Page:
Data from: Changes in breeding phenology and population size of birds
duration of breeding season
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Abstract1. Although the phenology of numerous organisms has advanced significantly in response to recent climate change, the life history and population consequences of earlier reproduction remain poorly understood. 2. We analyzed extensive data on temporal change in laying date and clutch size of birds from Europe and North America to test whether these changes were related to recent trends in population size. 3. Across studies, laying date advanced significantly while clutch size did not change. However, within populations, change in laying date and change in clutch size were positively correlated, implying that species that advanced their laying date the most were also those that increased their clutch size the most. 4. Greater advances in laying date were associated with species that had multiple broods per season, lived in non-agricultural habitats and were herbivorous or predatory. The duration of the breeding season increased for multi-brooded species and decreased for single-brooded species. In contrast to studies of changes in spring arrival dates (for migratory species), the changes we found in laying date and clutch size were not related to changes in population size (for resident or migratory species). 5. This suggests that, across a wide variety of species, mismatches in the timing of egg-laying or numbers of offspring have had relatively little influence on population size compared with other aspects of phenology and life history.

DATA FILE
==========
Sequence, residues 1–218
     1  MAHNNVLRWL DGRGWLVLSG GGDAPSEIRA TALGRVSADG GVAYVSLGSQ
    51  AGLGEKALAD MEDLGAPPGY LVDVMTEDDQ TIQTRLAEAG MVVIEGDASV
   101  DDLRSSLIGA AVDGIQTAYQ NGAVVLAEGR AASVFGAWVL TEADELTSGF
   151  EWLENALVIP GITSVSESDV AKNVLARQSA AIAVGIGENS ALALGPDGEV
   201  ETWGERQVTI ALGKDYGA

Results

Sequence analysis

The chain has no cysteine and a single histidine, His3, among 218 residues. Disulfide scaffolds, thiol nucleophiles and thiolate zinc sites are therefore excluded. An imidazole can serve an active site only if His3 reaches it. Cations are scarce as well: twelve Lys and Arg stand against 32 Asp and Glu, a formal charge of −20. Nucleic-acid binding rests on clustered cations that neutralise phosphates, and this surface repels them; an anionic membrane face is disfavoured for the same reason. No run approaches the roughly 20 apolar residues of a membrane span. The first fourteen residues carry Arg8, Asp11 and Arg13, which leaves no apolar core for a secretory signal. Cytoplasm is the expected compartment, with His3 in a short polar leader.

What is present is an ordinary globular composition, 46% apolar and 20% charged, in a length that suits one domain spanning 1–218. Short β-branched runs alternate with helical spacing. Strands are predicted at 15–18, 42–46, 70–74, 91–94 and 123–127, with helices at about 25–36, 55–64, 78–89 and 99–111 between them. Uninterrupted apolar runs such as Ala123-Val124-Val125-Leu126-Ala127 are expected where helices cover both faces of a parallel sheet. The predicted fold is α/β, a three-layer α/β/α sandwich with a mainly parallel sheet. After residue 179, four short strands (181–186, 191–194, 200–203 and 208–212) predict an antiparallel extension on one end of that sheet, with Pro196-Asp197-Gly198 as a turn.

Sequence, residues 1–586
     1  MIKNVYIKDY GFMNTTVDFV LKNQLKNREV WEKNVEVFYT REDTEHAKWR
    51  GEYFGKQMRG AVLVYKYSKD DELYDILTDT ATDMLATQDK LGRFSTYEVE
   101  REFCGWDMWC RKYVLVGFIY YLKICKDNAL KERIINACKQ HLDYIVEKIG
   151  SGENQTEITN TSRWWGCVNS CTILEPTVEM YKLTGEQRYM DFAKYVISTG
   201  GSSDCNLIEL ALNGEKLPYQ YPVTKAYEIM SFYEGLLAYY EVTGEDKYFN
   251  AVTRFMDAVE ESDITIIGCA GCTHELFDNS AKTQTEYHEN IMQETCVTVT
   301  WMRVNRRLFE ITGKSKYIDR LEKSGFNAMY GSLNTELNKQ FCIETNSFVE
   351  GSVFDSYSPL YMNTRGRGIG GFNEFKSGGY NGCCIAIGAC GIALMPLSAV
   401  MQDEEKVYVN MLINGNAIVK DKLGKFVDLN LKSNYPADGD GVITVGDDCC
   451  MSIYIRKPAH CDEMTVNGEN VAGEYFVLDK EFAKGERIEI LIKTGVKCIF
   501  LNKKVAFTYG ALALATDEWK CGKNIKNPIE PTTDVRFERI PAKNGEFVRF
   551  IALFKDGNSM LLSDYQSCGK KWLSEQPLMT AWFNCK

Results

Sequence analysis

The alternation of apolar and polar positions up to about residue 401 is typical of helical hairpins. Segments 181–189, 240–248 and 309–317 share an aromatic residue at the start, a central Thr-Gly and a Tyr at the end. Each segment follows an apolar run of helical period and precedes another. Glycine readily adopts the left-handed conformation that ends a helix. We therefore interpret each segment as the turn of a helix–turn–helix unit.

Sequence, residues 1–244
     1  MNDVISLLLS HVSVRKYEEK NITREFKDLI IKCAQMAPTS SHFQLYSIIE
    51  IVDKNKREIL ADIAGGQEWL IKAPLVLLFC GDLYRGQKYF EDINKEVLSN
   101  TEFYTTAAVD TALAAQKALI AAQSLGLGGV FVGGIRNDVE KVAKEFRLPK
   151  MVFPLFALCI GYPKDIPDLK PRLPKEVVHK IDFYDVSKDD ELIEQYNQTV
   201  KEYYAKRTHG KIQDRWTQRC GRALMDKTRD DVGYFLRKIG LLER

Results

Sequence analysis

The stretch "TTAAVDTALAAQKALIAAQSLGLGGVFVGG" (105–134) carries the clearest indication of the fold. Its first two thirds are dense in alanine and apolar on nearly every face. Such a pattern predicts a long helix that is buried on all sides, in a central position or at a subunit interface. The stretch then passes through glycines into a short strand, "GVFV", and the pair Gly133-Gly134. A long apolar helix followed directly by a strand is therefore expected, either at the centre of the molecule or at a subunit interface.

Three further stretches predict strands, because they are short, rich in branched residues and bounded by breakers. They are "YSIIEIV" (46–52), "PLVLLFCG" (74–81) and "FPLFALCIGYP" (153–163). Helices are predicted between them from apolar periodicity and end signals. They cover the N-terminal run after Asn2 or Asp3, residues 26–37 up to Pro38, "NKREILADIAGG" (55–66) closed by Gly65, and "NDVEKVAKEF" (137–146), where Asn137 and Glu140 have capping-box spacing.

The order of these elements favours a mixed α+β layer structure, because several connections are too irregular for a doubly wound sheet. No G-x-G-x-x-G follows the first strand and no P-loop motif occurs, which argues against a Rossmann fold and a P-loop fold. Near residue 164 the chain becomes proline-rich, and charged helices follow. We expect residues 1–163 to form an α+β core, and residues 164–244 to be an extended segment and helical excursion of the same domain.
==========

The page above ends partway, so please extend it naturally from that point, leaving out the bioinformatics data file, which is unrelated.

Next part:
Dunn PO, Møller AP (2013) Data from: Changes in breeding phenology and population size of birds. Journal of Animal Ecology 83(3): 729–739.